Approaching making a Will can seem daunting.
There’s much to consider, in making a document that you have no idea when it will come into effect, nor what assets it will cover, nor who will be alive to receive those assets.
It must cope with many scenarios and factor in all sorts of uncertainty.
Burying your head in the sand
It can be understandable to want to put the whole thing off entirely and not think about death. But this is not a sound strategy as not making any arrangements can lead to more uncertainty, and possibly squabbles, delays and increased costs.
By not making a Will you are also passing up the opportunity to decide for yourself who manages your assets after you are gone and who will benefit from them.
Approaching making a Will
So where to start. A Wills questionnaire is a useful prompt – this is essentially a list of questions about your assets and your preferences for various matters that a Will can cover.
But before focusing on those questions, it can be helpful to consider the bigger picture first. Who or what is most important to me? Who is dependent on me and will require support after my death? What impact will the gifts in my Will have on the people close to me? Who do I trust most to carry out my instructions and wishes? The answer to these questions might then inform the detail of your decisions.
While you should make a Will on the basis that it could be your last, it is always sensible to revisit your Will periodically and in particular before major life events such as marriages.
What should my Will cover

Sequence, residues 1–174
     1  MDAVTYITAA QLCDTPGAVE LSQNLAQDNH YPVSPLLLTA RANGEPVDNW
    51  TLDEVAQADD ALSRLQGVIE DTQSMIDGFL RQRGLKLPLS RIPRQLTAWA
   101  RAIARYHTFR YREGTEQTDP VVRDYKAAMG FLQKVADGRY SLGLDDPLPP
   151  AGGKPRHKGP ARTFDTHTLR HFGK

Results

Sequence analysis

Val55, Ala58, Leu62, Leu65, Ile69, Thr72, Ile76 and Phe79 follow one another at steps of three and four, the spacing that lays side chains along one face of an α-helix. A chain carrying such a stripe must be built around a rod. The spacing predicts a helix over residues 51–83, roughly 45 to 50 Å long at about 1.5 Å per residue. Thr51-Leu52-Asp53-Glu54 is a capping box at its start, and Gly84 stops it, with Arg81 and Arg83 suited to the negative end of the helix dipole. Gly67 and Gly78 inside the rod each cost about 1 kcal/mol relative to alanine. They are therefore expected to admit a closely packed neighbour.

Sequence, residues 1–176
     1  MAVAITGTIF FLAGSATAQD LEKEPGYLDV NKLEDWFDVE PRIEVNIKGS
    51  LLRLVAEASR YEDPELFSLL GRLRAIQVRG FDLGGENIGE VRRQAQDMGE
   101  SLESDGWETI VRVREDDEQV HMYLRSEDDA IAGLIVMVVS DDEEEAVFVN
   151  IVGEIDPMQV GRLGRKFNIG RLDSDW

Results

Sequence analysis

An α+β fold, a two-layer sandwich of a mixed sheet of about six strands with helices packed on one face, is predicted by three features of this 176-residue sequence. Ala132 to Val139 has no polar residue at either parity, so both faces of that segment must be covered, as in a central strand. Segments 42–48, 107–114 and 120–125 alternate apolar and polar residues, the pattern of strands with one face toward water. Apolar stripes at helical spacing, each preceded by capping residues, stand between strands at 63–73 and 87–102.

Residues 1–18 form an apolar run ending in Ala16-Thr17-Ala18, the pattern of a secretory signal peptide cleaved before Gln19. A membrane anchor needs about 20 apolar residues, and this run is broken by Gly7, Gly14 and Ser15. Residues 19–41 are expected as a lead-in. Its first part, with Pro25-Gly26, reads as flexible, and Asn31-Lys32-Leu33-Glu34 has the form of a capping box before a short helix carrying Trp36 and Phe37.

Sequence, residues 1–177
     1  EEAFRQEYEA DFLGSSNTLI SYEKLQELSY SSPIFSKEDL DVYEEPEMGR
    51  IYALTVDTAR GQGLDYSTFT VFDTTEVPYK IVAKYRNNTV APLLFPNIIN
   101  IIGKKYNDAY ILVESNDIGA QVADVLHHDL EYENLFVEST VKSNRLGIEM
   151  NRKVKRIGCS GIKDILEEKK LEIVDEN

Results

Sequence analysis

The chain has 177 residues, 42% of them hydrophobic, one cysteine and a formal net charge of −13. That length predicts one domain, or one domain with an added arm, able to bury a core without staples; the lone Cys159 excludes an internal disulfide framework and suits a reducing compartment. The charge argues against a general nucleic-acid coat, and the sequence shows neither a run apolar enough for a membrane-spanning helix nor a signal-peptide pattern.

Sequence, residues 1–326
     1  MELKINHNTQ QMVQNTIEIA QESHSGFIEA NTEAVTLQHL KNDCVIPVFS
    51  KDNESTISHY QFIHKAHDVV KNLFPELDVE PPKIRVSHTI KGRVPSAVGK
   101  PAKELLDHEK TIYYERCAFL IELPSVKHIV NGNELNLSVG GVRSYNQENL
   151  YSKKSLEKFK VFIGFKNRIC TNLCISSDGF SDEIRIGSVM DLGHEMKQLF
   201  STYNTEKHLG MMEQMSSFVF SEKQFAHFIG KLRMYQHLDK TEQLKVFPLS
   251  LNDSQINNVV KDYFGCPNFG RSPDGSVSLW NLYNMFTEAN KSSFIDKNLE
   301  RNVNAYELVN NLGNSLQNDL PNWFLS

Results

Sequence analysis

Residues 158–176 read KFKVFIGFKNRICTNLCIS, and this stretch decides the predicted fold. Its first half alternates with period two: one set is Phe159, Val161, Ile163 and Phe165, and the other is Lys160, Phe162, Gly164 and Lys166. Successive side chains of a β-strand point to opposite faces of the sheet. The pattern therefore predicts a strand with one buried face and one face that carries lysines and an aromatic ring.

Well this depends on you. A Will can cover all sorts of things or not. It can express wishes, such as funeral wishes or these can be dealt with in a private letter. The Will can appoint guardians and may even exercise specific powers given by trusts. For further information see: The importance of making a will.
If your Estate includes overseas property, it is important to take advice in the UK and abroad on whether you should make a separate Will in the overseas country or whether a Will here can cover worldwide property. Both the practicalities for the administration here and abroad and which succession law will apply are key points to address.
As a minimum, beyond the basic form such as a statement of your name and revoking previous Wills, your Will should name Executors – the person or people tasked with administering the Estate. It should also decide what happens to your residuary Estate – this is what’s left over after payment of debts, administration expenses and any specific gifts left in the Will. Beyond that there may be different options for how you can leave your Estate, depending on your family circumstances, how much flexibility you would like your Executors to have and relevant tax considerations.
Approaching a Will needn’t be daunting
Although there is much to consider when making a Will, we often find that engaging with these questions at an early stage can give people a sense of control and comfort in the knowledge that they have left their affairs in good order and made sufficient provision for their loved ones. Most of all, approaching the Will needn’t be daunting.
This publication is a general summary of the law. It should not replace legal advice tailored to your specific circumstances.
© Farrer & Co LLP, November 2022